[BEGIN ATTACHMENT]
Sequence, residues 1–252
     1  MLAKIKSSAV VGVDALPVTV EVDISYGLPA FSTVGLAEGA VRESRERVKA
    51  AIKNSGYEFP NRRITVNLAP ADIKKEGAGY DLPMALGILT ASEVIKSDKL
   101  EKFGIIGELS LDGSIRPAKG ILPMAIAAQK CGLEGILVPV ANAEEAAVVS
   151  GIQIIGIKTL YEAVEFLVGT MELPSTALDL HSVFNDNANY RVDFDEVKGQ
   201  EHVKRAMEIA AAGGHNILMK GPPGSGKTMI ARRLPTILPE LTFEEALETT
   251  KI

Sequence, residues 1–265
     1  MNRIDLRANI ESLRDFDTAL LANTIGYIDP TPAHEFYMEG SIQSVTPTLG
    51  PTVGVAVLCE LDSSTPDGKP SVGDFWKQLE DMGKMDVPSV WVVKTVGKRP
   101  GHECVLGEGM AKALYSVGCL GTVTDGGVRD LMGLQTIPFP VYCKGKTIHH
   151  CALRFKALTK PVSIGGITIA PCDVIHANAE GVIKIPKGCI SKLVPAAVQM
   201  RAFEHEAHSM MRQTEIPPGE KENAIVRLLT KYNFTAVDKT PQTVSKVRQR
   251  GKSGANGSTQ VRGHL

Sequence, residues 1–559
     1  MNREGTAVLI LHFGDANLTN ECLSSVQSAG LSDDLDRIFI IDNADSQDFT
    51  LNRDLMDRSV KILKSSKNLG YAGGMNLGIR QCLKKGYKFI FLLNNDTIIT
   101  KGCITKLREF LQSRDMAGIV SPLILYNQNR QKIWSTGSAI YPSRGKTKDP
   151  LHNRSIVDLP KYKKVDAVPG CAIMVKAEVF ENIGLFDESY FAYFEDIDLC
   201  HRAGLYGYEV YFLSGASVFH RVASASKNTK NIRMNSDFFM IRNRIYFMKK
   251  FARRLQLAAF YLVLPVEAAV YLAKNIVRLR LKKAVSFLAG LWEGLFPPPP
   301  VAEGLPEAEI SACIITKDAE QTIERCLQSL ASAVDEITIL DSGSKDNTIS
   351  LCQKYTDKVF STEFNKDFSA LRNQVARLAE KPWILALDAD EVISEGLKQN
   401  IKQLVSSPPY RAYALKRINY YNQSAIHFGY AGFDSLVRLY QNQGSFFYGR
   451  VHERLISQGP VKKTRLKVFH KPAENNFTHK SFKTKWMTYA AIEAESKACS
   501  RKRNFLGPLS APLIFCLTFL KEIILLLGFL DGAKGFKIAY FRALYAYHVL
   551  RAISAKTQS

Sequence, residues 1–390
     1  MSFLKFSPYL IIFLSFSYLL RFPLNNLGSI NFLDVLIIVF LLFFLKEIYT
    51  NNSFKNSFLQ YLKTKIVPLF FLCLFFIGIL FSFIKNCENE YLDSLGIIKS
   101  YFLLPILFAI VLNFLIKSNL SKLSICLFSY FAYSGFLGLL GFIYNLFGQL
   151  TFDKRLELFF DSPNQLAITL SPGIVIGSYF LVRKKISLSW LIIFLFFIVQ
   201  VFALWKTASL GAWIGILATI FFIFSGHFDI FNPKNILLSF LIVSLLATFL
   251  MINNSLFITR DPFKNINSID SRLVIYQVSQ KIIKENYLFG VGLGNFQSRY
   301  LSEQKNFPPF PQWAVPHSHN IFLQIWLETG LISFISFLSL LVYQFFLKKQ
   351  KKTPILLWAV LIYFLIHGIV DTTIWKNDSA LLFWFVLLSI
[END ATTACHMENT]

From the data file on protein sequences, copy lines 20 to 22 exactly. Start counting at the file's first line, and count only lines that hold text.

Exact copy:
   201  HRAGLYGYEV YFLSGASVFH RVASASKNTK NIRMNSDFFM IRNRIYFMKK
   251  FARRLQLAAF YLVLPVEAAV YLAKNIVRLR LKKAVSFLAG LWEGLFPPPP
   301  VAEGLPEAEI SACIITKDAE QTIERCLQSL ASAVDEITIL DSGSKDNTIS